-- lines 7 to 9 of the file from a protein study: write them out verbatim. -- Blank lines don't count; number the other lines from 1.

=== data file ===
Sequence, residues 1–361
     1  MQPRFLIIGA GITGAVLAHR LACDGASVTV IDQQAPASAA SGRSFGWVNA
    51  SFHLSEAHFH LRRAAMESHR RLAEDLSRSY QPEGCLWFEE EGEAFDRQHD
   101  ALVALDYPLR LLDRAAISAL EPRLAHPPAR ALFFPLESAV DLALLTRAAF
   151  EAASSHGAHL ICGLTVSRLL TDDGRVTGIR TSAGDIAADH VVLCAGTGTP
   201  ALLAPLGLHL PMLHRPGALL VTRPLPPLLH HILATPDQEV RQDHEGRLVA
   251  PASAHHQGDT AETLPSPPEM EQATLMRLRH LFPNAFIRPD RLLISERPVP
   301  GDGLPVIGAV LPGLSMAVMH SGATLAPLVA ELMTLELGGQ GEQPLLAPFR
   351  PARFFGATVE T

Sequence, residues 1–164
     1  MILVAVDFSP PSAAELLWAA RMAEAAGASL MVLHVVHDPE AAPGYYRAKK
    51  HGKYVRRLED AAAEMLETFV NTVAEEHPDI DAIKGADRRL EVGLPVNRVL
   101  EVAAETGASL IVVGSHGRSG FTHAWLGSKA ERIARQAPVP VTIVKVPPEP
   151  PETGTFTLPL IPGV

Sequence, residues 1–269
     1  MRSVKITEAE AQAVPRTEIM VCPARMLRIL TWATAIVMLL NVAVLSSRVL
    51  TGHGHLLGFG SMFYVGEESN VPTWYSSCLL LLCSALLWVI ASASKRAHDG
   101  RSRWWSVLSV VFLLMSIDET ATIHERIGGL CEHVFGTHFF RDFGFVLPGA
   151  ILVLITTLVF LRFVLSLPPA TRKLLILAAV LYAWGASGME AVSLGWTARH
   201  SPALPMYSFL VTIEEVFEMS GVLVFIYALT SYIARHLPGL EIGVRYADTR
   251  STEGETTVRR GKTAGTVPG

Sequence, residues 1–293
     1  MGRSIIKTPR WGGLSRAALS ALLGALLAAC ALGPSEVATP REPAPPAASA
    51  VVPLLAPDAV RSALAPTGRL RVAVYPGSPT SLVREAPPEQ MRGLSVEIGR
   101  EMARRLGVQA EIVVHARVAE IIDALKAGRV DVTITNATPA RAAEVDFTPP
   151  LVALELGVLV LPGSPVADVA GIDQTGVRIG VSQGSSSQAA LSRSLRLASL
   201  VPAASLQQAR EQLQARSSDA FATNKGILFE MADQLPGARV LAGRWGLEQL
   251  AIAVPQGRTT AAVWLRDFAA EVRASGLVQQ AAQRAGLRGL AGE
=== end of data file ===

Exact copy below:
   251  PASAHHQGDT AETLPSPPEM EQATLMRLRH LFPNAFIRPD RLLISERPVP
   301  GDGLPVIGAV LPGLSMAVMH SGATLAPLVA ELMTLELGGQ GEQPLLAPFR
   351  PARFFGATVE T